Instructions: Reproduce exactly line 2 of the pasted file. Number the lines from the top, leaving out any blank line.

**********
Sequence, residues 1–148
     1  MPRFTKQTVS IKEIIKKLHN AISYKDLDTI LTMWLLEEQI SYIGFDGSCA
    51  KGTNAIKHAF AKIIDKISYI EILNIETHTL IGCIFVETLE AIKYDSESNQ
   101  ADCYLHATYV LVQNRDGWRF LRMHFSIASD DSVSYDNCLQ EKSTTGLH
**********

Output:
     1  MPRFTKQTVS IKEIIKKLHN AISYKDLDTI LTMWLLEEQI SYIGFDGSCA